Thursday 06 Feb 2020
After my husband died, Maggie's Aberdeen was my safe haven. I now volunteer at Maggie's and it’s such a privilege to welcome others who are looking for their own support.
Once my husband found out he had cancer, it was only a matter of weeks before we knew he wasn't going to get better.
How do you even process that? I still today don’t know if I actually did.
You would think that it would be something you discuss together, but in reality for us, we never did. Obviously we discussed his cancer and treatment plans, clinical trials, etc, but the fact that he was going to die? No, how could we?
We were soulmates and had loved each other unconditionally for 32 years. Just us two, a team. How could it be possible for one to contemplate living without the other? We went into protective mode for each other.
My super brave husband wanted nothing more than for life to remain normal. So with such strength and determination, that’s what we did. But for me, the pain was horrific as I watched my handsome, strong soulmate slowly fade away to a shadow of himself before my very eyes.
"Anyone who has lost a loved one to cancer knows how traumatic it can be. For me, I had this immense feeling that I couldn’t cope."
I had lost my world and was unable to process what had happened over the past year and a half, how could my husband be gone?
I knew I needed Maggie’s and yet remember feeling guilty entering the centre because I didn’t have cancer myself. I worried that in some way I was being insensitive to others. But I quickly realised that Maggie’s is there for everyone that has been affected by cancer.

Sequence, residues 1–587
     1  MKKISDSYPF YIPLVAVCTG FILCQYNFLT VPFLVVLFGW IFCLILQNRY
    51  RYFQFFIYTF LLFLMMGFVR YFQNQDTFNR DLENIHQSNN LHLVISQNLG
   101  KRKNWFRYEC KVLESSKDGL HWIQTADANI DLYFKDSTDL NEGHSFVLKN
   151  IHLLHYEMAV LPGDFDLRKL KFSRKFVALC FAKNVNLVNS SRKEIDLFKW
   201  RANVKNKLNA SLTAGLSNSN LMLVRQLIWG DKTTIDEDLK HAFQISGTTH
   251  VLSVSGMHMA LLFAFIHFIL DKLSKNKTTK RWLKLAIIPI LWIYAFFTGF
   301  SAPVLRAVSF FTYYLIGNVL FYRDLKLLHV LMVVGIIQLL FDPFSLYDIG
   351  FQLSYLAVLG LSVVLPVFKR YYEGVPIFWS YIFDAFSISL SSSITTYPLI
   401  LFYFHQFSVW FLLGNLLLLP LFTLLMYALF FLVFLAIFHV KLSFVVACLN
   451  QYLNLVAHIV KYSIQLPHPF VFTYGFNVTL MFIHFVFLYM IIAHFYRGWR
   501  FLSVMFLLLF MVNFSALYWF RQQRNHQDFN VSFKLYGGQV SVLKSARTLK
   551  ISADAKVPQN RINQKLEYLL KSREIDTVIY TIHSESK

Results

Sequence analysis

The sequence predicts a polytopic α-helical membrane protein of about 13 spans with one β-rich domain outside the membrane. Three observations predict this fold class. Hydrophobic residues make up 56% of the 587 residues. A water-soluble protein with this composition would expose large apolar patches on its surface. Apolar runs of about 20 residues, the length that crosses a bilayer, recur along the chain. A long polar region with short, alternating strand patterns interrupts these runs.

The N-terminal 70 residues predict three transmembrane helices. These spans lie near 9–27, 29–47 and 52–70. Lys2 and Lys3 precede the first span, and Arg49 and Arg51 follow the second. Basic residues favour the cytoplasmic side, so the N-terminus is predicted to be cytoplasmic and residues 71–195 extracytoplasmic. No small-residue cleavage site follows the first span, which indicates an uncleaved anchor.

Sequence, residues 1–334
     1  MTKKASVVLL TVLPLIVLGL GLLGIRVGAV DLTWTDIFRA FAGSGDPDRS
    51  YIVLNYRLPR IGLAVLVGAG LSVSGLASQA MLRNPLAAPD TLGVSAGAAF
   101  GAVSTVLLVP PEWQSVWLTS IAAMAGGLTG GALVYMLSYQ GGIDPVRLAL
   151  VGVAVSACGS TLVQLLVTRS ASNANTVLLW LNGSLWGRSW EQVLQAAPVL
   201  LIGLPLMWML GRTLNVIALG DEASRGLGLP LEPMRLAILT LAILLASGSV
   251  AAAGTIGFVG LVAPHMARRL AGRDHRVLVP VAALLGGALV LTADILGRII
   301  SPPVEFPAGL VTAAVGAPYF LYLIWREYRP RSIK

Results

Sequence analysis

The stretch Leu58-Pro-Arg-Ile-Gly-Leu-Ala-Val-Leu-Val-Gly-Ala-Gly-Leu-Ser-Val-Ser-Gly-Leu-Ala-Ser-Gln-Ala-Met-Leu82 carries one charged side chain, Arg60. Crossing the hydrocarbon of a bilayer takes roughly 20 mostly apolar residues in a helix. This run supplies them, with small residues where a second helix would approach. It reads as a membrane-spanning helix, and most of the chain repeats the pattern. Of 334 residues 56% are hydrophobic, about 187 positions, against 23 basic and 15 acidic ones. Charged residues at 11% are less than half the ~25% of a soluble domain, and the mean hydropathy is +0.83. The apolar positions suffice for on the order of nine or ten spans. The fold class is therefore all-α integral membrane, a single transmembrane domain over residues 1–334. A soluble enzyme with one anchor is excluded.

I had regular sessions with the Clinical Psychologist, and also attended relaxation and bereavement group sessions. I began to realise that my bereavement was similar to many people who are living with cancer, with feelings of isolation and loss of control.
It’s a safe space to allow your raw emotions out. It was with the help of Maggie’s Psychologist I learnt that it was ok not to be ok. This may sound simple, but for me, it was so powerful.
"Even with the most supportive friends, I had to put a brave face one, but not at Maggie’s, where I could simply be me."
I struggled so much with returning to work that I decided to give it up and allow myself some self-care time out. This was a huge step for me, never having been self-indulgent, but Maggie’s support made me realise that I had to listen to my inner voice and take care of me.
Maggie’s Aberdeen was my safe haven and once I felt stronger, I really wanted to give my time to volunteering.
It’s such a privilege to welcome others into Maggie’s who are looking for their own support, even if they don’t know exactly what that might be. I just hope they can feel the warmth that Maggie’s gives.
For me, it was like walking into a big hug, which was so needed.
If you or someone you love has cancer, we are here with you.
If you are interested in volunteering for Maggie's, find out more about the ways in which you can help.
Last review: Jun 2023 | Next review: Sep 2023
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